Ask Scary Mommy is Scary Mommy’s new advice column, where our team of “experts” answers all the questions you have about life, love, body image, friends, parenting, and anything else that’s confusing you.
This week… What do you do when your family and friends keep hounding you to have another baby? How do you tell them to f*ck off, because you’re perfectly content with one child? Have your own questions? Email [email protected]
Dear Scary Mommy,
My husband and I have a brilliant, beautiful five-year-old girl. She’s happy, healthy, and we feel so lucky to be her parents. But she’s the only child we want to have — we’ve never felt the desire to have another since we became parents. I had severe PPD/PPA after giving birth and our finances are a rollercoaster, plus we’re really loving the independence that comes with a five-year-old with a full, vibrant personality and ability to entertain herself when needed. But literally ever since she was born, we’ve been burdened with “When are you guys having another?” and “She needs a sibling” kind of questions and commentary from all of our family members and friends. How can we politely tell them to fuck off, because we’re happy and it’s none of their business?
Congratulations on knowing what you want and being content, because that’s a true gift. Methinks your friends and family might not be, or know how to achieve that kind of mindset, which is why they’re offering this bewildered reaction to life choices that have nothing to do with them.
Less kids = less crap. Toys, clothes, diapers, high chairs, carriers, jumpers, baby baths, endless wipes — all the material objects that go with having another baby/toddler. It also means less crap in terms of health worries (having a baby is full of the unknown and that’s an extremely scary thing for anyone), sleepless nights, stubborn toddlers, meltdowns, issues with other kids, etc. You’ve found what works best for you and your family and now you get to just sit back and revel in the joy of it. That is an amazing thing.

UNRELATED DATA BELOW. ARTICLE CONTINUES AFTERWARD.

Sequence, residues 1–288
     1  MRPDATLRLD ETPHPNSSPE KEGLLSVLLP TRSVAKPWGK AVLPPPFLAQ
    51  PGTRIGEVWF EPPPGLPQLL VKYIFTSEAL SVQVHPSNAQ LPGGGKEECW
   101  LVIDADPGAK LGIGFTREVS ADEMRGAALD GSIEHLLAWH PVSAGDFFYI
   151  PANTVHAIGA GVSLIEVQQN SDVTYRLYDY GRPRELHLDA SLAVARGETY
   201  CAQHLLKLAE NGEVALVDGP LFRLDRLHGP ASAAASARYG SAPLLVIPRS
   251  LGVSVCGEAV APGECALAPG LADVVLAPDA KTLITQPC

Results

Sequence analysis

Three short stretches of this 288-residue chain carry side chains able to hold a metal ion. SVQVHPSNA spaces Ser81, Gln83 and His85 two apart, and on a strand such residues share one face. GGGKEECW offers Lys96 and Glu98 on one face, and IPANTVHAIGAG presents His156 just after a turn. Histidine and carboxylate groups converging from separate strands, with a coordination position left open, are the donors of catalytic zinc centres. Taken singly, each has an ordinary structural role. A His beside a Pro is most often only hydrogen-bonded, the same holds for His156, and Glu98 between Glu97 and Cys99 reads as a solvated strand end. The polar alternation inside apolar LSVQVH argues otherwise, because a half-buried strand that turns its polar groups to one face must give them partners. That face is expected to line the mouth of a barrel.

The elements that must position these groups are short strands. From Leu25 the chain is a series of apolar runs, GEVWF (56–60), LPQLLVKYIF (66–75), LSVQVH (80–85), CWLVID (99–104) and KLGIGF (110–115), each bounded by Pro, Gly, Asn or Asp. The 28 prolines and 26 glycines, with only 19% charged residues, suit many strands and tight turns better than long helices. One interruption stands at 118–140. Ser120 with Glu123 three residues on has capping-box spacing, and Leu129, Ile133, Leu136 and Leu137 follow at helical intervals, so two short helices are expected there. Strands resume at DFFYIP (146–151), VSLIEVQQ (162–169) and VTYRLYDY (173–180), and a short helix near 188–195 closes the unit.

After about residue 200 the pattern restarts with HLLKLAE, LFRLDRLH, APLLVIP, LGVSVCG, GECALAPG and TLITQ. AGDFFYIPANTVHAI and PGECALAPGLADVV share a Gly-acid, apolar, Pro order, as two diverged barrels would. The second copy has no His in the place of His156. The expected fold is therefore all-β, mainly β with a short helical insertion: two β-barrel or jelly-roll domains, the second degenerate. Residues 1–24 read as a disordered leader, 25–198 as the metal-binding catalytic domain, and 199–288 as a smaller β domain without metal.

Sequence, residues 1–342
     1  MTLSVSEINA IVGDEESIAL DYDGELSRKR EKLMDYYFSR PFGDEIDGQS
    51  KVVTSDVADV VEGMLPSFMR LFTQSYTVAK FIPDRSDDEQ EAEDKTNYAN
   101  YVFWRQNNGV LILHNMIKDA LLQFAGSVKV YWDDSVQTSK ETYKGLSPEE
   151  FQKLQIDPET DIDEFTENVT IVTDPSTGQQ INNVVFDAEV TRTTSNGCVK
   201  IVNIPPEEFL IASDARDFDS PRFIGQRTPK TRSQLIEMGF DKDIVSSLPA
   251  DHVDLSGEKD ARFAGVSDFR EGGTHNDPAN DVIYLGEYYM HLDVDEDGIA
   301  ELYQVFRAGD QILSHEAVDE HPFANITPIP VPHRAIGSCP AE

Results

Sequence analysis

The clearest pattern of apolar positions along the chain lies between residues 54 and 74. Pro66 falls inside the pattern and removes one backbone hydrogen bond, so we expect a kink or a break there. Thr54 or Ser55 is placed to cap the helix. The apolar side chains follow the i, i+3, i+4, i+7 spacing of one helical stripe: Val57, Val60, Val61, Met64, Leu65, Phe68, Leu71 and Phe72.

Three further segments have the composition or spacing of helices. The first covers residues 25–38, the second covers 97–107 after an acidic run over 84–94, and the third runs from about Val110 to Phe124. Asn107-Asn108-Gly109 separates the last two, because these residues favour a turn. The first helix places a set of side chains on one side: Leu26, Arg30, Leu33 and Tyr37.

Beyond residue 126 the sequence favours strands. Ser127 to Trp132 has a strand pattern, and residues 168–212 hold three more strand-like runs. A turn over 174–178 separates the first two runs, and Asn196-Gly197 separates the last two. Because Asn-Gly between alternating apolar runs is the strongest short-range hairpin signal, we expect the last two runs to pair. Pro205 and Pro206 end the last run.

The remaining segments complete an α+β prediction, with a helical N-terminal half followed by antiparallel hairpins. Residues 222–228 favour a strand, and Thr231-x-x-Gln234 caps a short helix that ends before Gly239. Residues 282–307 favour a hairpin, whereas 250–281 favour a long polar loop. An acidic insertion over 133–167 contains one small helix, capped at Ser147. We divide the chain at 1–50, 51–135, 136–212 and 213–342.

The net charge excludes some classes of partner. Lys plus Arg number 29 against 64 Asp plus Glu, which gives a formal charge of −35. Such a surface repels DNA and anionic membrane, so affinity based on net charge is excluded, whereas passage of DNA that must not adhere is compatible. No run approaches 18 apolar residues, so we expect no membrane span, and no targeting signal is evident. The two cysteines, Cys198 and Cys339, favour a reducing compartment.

Siblings are great! But having them isn’t a guarantee they’ll get along and be lifelong friends. For lots of siblings, it means the exact opposite. I was an only child until I was almost seven, and while I’m an introvert by nature, I am fully functional at socializing and never felt lonely. Your daughter will be perfectly fine.
You can tell people whatever you like — don’t feel like you owe anyone your postpartum story or your bank statement. You don’t. But if you want to share those things, go for it. We don’t talk about how expensive and mentally taxing it is to have children often enough with the people closest to us. They can always use a reminder that it’s not all sunshine and rainbows. Babies are cute as hell, but they are HARD WORK. I personally wish I could have given birth to two 9-month-olds myself — anything earlier is a blur, and honestly, tiny babies are also somehow difficult and boring AF.
One version of this can look something like this: “Well, Aunt Mildred, we aren’t having any more children. (Daughter) is all we could have ever hoped for, and we have her. May I suggest a rescue animal if you’re looking for more emotional support from a living creature?”
There are almost four years between my own two kids, and I used to haaaaate it when people would be like, “Oh, it’s just her?” in reference to my oldest. First of all, she’s not anyone’s “just” anything. Secondly, I struggled with infertility issues and had a miscarriage. Sometimes I would reveal that bit in an attempt for an authentic conversation, sometimes I’d just smile tartly and say “Yep. It’s her. And it might always be that way. Isn’t she wonderful?”
Disclose however much you wish to, and don’t feel bad about shutting the whole conversation down if you need to. They certainly didn’t feel bad bringing a guilt trip to your pot luck, now did they?